Tips to survive your first year of university

6 Oct 2020 | 5 min read

1. Take a proactive role in your learning

This may be an obvious point, but we students have a tendency to forget the importance of learning during our university years – especially in the midst of managing deadlines, trying to moderate our caffeine intake, and dragging our heels and sleep-deprived selves to our morning classes.

Learning during your university years doesn’t have to be restricted to your classroom, either. If that course on art history conflicts with your schedule, consider enrolling in a free digital course from online platforms. I’ve taken a few courses on topics that I would not have otherwise been able to fit into my schedule or degree program on campus. There is always a way if you look for one.

2. Use your free time wisely

 Depending on your course, you might only spend around 12 hours a week on campus. Although this gives you time for work, seeing friends and the odd sleep-in, you’ll need to set aside study time (even outside of peak assessment periods) and make sure you’re taking time out to relax. If you have a break between classes, try using the time to catch on assignments. Have a free day during the week? Why not organize an internship? 

3. Ask for help when you need it

Needing help isn’t something to be ashamed of. You might need a crash course on academic referencing, another tour of the library, assistance with changing a subject or a quick explanation of a new assignment. Reach out to your classmates, lecturers, tutors and other support staff — you’ll find your answer if you ask. The institution website is another great resource. Your campus should have a student support office, where you can access services like counselling, financial advice and academic assistance.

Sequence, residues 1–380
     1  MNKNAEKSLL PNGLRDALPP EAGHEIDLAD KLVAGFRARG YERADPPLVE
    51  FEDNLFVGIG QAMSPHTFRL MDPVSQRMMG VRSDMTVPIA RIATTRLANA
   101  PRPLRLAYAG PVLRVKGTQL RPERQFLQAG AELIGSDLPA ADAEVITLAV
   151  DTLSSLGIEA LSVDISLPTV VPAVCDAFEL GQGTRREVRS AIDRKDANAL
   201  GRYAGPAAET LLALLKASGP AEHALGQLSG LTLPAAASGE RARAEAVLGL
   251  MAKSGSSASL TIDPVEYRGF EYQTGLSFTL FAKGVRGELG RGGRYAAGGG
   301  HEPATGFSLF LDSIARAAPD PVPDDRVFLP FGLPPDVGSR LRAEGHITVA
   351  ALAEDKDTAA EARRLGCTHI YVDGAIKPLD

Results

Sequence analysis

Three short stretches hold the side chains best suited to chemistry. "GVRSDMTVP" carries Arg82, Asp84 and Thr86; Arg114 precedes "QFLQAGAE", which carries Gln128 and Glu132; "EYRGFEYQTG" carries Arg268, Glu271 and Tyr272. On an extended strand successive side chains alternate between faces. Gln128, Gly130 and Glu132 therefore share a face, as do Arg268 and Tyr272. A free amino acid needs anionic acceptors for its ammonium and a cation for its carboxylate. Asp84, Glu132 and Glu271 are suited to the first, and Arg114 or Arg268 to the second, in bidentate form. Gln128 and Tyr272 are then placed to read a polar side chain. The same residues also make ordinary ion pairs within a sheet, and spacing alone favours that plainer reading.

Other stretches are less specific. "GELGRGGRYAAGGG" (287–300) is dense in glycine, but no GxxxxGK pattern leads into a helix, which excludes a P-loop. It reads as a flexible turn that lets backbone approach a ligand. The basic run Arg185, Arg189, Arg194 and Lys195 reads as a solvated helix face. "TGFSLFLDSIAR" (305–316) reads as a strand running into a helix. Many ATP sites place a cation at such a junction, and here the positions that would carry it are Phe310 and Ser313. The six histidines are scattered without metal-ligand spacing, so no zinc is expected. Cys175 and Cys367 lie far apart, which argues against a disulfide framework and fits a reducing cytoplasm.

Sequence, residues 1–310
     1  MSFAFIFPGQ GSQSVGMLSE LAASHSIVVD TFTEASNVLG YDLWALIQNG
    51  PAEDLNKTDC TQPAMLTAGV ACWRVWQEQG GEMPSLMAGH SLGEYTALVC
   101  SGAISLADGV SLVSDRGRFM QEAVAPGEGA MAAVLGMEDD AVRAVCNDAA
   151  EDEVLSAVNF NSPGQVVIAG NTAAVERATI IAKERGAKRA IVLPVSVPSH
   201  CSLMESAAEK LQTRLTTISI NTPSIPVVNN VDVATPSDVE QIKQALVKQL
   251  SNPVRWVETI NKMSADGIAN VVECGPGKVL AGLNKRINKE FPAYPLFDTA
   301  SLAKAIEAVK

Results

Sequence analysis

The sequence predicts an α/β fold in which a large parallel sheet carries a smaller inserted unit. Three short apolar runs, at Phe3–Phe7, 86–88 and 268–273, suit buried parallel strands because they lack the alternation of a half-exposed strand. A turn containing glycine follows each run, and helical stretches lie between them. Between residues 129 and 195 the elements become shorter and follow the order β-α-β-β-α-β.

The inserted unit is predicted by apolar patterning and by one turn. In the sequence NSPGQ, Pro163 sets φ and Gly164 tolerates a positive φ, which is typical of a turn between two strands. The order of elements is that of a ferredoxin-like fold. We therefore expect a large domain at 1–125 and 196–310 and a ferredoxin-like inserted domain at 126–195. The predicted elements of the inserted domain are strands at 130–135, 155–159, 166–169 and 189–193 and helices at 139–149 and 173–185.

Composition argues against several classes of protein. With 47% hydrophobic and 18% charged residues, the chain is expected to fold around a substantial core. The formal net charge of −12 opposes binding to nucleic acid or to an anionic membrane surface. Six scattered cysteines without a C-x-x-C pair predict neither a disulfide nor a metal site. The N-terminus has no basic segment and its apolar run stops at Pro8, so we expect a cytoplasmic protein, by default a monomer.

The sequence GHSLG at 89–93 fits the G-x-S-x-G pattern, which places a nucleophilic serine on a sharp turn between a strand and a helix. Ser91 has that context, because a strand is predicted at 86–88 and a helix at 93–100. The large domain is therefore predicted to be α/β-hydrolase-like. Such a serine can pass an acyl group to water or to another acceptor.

4. Put it all together.

Using one sentence or a concise paragraph, write your career vision. Consider writing a short vision statement along with a short description of how you currently see yourself accomplishing it - reaching your vision. Write everything in the present tense, as if you already have accomplished it. This creates the right frame of mind – confidence about your future – rather than keeping your vision in the distant future.

5. Keep your vision visible. 

Once you've created your career vision statement, plaster it in various places and read it and say it aloud often. Imagine yourself achieving your career vision. Constantly reinforcing the image of you in your career vision will help you both consciously and subconsciously develop goals and action steps that will lead you to success.

6. Review your career vision statement regularly.

Your vision can - and most likely will - change as you move closer to it. As part of an annual career planning process, you should review your career vision statement and make any adjustments that you feel are necessary.



Tips to survive your first year of university